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13 March 2003 Classification of hyperspectral imagery using limited training data samples
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The availability of only small samples of training data presents a problem when using statistical pattern recognition techniques. Recently new methods for pattern recognition, designed specifically for use with small training data samples, have begun to appear in the literature. These methods sample the training data many times to assemble a range of different classifiers. The classifiers produced may then be collected into an ensemble and, when presented with an unseen sample, use a voting scheme to determine class membership. A particular example of this ensemble classification technique, the random subspace method, is examined here and tested using both synthetic data having known properties, and with data from the AVIRIS hyperspectral-imaging sensor. The paper discusses the application of the method to problems that are not linearly separable; the selection of parameters for the method, and examines the performance envelope for different problems and parameterizations. Good results are produced for both datasets, even where the training samples are too small for conventional classification techniques to be used. Specifically, error rates of only twice those calculated for a large training sample may be achieved using training sets with as few as 20 examples per class, for a thirteen-class classification problem, using the 200-dimensional AVIRIS "Indian Pines" hyperspectral image.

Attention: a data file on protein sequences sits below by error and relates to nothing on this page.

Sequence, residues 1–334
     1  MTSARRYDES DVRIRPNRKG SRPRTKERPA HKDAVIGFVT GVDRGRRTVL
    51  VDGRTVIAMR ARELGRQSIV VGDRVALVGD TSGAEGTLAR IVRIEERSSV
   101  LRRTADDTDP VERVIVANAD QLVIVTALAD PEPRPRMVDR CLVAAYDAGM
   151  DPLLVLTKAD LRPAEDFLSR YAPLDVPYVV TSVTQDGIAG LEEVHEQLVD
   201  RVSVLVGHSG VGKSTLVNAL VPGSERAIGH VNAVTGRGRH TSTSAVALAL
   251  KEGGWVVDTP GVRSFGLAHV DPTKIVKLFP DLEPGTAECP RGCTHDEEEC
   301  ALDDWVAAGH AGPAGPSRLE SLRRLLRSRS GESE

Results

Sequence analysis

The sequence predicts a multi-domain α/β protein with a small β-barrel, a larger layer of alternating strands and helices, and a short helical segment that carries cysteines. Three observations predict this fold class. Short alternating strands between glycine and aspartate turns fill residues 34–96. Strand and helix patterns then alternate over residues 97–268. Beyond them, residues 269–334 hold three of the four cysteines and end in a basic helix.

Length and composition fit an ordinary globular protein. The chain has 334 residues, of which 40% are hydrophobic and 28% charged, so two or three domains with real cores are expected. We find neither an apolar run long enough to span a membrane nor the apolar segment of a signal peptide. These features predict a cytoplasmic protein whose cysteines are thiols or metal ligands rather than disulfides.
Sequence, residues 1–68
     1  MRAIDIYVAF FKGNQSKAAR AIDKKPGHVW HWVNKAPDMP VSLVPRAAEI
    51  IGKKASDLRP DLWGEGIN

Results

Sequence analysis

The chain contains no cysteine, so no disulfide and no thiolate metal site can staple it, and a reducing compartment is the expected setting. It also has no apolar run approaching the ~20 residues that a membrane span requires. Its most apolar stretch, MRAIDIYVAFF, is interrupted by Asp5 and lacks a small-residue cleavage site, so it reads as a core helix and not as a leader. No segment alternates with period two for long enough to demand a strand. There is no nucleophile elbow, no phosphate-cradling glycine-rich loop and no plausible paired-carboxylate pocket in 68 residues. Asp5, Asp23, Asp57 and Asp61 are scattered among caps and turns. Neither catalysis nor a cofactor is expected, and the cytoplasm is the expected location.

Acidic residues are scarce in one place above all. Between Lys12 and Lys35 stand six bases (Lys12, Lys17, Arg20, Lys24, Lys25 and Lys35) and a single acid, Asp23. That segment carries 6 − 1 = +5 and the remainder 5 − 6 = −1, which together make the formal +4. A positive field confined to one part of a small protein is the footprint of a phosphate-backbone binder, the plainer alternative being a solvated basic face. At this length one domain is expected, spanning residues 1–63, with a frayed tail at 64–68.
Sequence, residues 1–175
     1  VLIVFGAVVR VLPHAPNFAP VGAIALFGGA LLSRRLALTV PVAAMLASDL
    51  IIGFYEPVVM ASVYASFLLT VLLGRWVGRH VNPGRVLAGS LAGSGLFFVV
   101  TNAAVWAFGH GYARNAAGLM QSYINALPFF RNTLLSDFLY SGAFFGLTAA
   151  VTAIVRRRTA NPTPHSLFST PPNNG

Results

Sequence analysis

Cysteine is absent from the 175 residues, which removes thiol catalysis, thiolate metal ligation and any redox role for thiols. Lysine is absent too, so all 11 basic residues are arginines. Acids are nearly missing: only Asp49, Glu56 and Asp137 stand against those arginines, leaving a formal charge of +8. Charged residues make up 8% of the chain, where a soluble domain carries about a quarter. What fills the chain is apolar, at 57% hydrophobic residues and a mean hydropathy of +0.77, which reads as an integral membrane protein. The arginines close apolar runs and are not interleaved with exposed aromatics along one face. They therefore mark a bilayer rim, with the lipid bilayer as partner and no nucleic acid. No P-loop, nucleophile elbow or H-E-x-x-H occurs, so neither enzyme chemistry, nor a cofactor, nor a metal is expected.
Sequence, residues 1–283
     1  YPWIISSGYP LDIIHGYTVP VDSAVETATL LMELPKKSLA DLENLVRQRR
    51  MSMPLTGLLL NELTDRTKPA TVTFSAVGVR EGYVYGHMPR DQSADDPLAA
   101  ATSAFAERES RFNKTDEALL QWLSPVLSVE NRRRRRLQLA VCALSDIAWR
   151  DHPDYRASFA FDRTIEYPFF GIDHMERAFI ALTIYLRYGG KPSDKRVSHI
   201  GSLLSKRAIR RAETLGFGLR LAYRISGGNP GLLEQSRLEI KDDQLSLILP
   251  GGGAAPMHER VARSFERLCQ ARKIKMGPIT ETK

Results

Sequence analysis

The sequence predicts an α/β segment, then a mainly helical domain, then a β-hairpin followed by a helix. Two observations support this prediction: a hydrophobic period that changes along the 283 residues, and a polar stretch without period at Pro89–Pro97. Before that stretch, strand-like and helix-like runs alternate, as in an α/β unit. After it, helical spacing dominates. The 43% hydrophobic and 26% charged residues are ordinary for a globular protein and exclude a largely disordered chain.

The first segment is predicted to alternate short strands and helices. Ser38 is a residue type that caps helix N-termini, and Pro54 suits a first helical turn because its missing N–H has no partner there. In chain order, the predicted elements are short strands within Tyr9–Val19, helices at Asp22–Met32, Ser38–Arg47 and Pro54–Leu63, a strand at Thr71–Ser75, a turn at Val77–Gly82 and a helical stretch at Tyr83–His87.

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Chris J. Willis "Classification of hyperspectral imagery using limited training data samples", Proc. SPIE 4885, Image and Signal Processing for Remote Sensing VIII, (13 March 2003);

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